Almost all massive stars have bound stellar companions, existing in binaries or higher-order multiples1–5. While binarity is theorized to be an essential feature of how massive stars form6, essentially all information about such properties is derived from observations of already formed stars, whose orbital properties may have evolved since birth. Little is known about binarity during formation stages. Here we report high-angular-resolution observations of 1.3 mm continuum and H30α recombination line emission, which reveal a massive protobinary with apparent separation of 180 au at the centre of the massive star-forming region IRAS 07299-1651. From the line-of-sight velocity difference of 9.5 km s−1 of the two protostars, the binary is estimated to have a minimum total mass of 18 solar masses, consistent with several other metrics, and maximum period of 570 yr, assuming a circular orbit. The H30α line from the primary protostar shows kinematics consistent with rotation along a ring of radius of 12 au. The observations indicate that disk fragmentation at several hundred astronomical units may have formed the binary, and much smaller disks are feeding the individual protostars.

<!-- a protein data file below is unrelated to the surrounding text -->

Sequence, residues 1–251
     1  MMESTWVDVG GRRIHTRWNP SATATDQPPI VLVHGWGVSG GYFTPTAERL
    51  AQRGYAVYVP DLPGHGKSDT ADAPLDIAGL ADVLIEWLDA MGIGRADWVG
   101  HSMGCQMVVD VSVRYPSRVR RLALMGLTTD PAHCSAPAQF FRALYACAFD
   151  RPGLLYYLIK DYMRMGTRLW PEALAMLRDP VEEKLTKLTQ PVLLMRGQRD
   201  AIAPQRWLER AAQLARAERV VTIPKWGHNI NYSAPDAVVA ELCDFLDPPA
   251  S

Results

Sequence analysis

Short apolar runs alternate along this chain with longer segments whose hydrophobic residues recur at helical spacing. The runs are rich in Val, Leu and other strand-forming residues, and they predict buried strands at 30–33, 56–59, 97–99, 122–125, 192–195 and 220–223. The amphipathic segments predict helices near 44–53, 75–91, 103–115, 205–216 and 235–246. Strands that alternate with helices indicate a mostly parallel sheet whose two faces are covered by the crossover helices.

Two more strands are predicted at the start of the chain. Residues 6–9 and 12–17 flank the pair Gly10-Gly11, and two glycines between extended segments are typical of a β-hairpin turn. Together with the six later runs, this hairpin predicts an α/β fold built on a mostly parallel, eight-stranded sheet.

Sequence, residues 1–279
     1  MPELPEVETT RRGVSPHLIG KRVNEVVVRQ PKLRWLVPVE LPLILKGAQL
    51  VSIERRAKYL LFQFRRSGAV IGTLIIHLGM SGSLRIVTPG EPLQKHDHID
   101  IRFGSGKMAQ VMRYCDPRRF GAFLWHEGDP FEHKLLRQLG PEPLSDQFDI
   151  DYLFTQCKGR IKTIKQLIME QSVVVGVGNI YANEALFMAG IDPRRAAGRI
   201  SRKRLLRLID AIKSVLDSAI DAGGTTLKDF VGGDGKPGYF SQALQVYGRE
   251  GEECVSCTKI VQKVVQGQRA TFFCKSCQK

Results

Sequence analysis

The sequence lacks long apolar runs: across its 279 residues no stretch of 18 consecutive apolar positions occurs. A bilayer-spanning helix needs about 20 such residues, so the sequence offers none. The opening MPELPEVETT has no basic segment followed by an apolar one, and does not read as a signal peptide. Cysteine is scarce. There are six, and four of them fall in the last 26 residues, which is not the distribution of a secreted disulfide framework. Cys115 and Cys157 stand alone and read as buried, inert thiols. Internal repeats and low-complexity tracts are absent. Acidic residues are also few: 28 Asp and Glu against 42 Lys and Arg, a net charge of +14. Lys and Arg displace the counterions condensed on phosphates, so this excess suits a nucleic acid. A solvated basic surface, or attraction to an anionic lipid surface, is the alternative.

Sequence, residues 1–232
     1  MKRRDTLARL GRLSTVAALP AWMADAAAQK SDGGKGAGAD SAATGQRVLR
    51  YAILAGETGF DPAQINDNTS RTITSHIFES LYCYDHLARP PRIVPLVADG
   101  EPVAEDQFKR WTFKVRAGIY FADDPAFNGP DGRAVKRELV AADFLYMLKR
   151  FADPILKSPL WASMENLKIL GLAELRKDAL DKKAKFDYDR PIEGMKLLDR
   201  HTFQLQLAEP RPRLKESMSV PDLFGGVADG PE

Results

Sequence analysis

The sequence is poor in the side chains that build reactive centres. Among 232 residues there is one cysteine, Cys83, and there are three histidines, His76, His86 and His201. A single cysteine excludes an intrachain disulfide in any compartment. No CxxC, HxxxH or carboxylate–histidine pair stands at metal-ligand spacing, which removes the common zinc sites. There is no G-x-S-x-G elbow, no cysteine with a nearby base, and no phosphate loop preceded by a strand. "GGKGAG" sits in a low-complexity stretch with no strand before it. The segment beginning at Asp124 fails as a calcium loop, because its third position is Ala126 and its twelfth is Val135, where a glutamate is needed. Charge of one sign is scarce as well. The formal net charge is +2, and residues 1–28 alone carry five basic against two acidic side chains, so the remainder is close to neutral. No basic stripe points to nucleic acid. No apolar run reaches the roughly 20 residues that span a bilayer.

ASJC Scopus subject areas
- Astronomy and Astrophysics